The Passive Beneficiary: When Can an Applicant’s Attorney Be Paid From a Lien Claimant’s Recovery in California?

The Passive Beneficiary: When Can an Applicant’s Attorney Be Paid From a Lien Claimant’s Recovery in California?

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There are many disputed cases where an applicant’s attorney may be successful in proving that an industrial injury occurred or that an employment relationship existed. This in turn will often result in a defendant having to pay, adjust or litigate outstanding lien claims. Where the lien claimant did not participate in the underlying proceedings, the applicant’s attorney may be left asking, “Why should the lien claimant directly benefit from my services without having to pay me?”

Indeed, whether an applicant’s attorney can be paid from a lien claimant’s recovery is an interesting question. In Tapia v. Media News Group, Inc., 2011 Cal. Wrk. Comp. P.D. LEXIS 557, a WCAB panel addressed whether the applicant’s attorney was entitled to an attorney’s fee from a $1.1 million dollar lien settlement between a defendant and Medi-Cal (DHS).

The facts in Tapia were that, after applicant’s counsel successfully litigated an employment issue, a Compromise and Release Agreement settled the case for $5,000,000 less $28,300.48 payable to applicant's attorney for costs, less $1,100,000 to DHS for its medical lien and less $774,339.00 to applicant's attorney as an attorney's fee. The applicant's attorney's lien against DHS was deferred with jurisdiction reserved.

At subsequent proceedings, the issue for determination was whether the applicant’s attorney was entitled to an attorney’s fee from the recovery of DHS. In analyzing the issue, the WCAB panel, which adopted and incorporated the WCJ’s Report, noted:

Where there are two representatives in the proceeding, two distinct approaches developed in the case law. One approach is to determine whether there is, in fact, a passive beneficiary. This is set forth in Kavanaugh v. City of Sunnyvale (1991) 233 Cal. App. 3d 903, 56 Cal. Comp. Cases 542. The Court opined the relative contributions by each counsel should not be weighed in determining whether an attorney's fee should be awarded believing it would "likely lead to inconsistent and unfair results."

The WCAB further noted:

The other approach is whether there was active participation. Kindt v. Otis Elevator (1995) 32 Cal. App. 4th 452, 60 Cal. Comp. Cases 84; Gapusan v. Jay (1998) 66 Cal. App. 4th 734, 63 Cal. Comp. Cases 1144; Hartwig v. Zacky Farms (1992) 2 Cal. App.4th 1550, 57 Cal. Comp. Cases 28 In these cases, a showing of the nature of the participation must be made to prevent an attorney's fee from being assessed against an intervenor or, in this case, a lien claimant.

The WCAB placed particular reliance on Hartwig, supra. In Hartwig, the Court reasoned:

If the lienholder desires to avoid apportionment, it must provide the trial court with sufficient factual detail to establish that its activities constituted a conscientious effort in the circumstances to address the substantive issues encompassed by the lienholder's case. (See Walsh I, supra, 133 Cal. App, 3d at p. 768, fn. 1.) Whether the showing by the lienholder in any one instance constitutes substantial evidence of active participation will necessarily turn upon the particular facts and events involved in the action.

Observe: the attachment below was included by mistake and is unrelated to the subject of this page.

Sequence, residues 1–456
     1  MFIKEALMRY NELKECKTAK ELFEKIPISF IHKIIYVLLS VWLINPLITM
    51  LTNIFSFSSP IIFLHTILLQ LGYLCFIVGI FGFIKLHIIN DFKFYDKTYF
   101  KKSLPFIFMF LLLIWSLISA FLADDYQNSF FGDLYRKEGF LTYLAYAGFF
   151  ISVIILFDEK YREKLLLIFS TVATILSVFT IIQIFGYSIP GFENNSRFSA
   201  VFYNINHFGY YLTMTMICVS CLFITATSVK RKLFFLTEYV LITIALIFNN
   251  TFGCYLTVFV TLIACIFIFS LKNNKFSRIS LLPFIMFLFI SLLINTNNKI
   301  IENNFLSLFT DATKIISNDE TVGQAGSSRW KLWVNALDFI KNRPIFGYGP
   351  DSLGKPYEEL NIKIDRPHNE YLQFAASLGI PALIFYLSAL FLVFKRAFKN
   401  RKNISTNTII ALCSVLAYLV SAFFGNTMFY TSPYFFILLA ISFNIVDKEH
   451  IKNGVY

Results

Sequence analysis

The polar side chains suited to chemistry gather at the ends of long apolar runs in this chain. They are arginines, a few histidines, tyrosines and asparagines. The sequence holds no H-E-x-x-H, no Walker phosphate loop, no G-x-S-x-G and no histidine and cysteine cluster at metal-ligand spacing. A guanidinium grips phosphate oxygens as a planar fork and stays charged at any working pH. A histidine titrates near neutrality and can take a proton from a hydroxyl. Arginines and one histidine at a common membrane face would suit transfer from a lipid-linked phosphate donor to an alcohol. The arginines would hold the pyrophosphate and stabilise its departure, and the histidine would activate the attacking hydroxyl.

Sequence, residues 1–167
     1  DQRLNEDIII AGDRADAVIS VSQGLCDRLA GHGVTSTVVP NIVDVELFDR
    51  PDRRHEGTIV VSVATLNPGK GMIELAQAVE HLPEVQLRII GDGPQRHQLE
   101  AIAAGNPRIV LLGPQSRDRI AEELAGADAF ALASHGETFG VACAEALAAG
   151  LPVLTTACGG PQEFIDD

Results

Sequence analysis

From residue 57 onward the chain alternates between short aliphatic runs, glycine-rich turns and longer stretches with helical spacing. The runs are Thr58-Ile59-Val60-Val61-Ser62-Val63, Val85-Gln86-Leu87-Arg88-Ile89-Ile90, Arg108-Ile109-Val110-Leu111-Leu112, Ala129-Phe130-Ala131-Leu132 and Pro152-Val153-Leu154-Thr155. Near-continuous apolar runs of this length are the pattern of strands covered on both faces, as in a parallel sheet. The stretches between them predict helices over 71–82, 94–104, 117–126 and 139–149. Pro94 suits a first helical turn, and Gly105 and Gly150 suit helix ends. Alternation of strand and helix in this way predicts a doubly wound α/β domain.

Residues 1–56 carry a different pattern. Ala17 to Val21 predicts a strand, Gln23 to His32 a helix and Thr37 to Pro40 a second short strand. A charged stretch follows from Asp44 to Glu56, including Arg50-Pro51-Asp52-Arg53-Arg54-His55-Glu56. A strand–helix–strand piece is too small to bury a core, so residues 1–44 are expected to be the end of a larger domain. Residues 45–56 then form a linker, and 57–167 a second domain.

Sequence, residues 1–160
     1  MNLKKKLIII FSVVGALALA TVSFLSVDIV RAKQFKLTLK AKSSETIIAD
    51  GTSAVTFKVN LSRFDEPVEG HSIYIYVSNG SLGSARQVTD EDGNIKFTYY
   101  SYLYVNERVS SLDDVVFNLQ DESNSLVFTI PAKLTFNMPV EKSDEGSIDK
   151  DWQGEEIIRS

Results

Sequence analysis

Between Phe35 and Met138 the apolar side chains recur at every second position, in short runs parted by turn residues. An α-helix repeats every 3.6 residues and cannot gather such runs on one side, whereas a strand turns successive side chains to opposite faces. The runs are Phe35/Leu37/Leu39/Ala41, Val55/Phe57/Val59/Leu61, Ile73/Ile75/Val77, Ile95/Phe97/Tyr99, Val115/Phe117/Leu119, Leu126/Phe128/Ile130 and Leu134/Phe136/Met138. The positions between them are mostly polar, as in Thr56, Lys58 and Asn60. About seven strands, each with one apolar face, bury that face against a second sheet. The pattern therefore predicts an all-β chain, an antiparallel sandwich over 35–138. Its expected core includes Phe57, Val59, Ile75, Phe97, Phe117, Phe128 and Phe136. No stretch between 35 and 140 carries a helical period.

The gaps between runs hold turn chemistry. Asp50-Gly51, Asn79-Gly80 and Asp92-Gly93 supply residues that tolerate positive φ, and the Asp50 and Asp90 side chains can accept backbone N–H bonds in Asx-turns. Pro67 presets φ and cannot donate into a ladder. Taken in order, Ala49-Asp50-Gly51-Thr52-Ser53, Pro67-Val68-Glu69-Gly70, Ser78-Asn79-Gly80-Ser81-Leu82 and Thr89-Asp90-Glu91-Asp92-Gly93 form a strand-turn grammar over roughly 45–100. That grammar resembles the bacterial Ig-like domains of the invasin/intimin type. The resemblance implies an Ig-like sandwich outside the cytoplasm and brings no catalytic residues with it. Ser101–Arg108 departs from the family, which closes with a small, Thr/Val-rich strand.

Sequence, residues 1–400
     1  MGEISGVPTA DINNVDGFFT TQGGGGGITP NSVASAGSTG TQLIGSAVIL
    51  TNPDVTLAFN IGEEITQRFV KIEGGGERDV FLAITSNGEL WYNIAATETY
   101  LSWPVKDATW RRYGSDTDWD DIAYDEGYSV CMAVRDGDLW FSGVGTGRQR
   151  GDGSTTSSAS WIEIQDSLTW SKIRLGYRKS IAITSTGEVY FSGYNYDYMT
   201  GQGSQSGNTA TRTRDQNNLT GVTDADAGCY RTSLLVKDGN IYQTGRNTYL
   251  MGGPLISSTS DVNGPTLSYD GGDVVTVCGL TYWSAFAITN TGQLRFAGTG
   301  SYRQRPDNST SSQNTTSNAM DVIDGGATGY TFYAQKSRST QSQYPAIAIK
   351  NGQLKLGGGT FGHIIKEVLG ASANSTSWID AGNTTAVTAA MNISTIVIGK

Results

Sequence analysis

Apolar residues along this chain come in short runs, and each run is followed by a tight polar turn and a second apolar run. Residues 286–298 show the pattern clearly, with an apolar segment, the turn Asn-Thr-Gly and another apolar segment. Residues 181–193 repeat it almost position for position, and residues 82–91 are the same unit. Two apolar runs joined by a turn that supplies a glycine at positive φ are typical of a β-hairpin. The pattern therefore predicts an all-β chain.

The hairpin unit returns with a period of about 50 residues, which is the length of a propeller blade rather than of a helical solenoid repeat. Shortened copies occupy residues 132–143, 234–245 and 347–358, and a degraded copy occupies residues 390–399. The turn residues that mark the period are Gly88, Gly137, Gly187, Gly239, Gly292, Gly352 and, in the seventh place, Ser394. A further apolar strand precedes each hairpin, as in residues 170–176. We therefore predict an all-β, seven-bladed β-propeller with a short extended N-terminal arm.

In finding that DHS was not merely a passive beneficiary and in ultimately denying applicant’s counsel’s attorney fee request, the WCJ noted:

Based on the appearances noted in the case file, lien claimant's Declaration and the settlement documents in this case, I find Medi-Cal was not a passive beneficiary of a fund created by the efforts of applicant's counsel. The number of actual appearances set forth in the case file and its appearance at the Mediation represent more than a token appearance. Further, the fund from which the attorney's fee is being sought was the product of negotiations between Medical and defendant and not between defendant and applicant. Where there is participation by two separate counsels, the attorney's fee for each counsel is determined by the amount of recovery for each respective party. In this case, the attorney's fee awarded is payable from the applicant's settlement and the lien claimant representative fee would be from the negotiated settlement or separate agreement with lien claimant. In Draper v. Aceto (2001) 26 Cal. 4th 1086.1986) 187 Cal. App. 3d 1273, the Court held the question of active participation was a question of fact and wrote "Where such active participation is demonstrated, sound policy reasons (prolonged litigation and likely duplicative efforts) militate against efforts to weigh the relative contributions of counsel in an attempt to avoid liability for the other party's attorney's fees."

When the underlying case involves a “threshold” issue, such as injury or employment, if there are liens involved, there is the potential for the applicant’s attorney to argue that the lien claimant was a “passive” beneficiary to his services. If the applicant’s attorney can establish that the lien claimant was a “passive” beneficiary, the applicant’s attorney may be entitled to an attorney’s fee from the lien claimant’s recovery. Whether the lien in question is a Medi-Cal lien, an EDD lien, or a million dollar treatment lien, the analysis applied by the WCAB in Tapia provides an excellent guide for analyzing an applicant’s attorney’s entitlement to an attorney’s fee from a lien claimant’s recovery.

Reminder: Be sure to check the subsequent history of a case before citing to it.

© Copyright 2012 LexisNexis. All rights reserved. This article will appear in an upcoming issue of California WCAB Noteworthy Panel Decisions Reporter.

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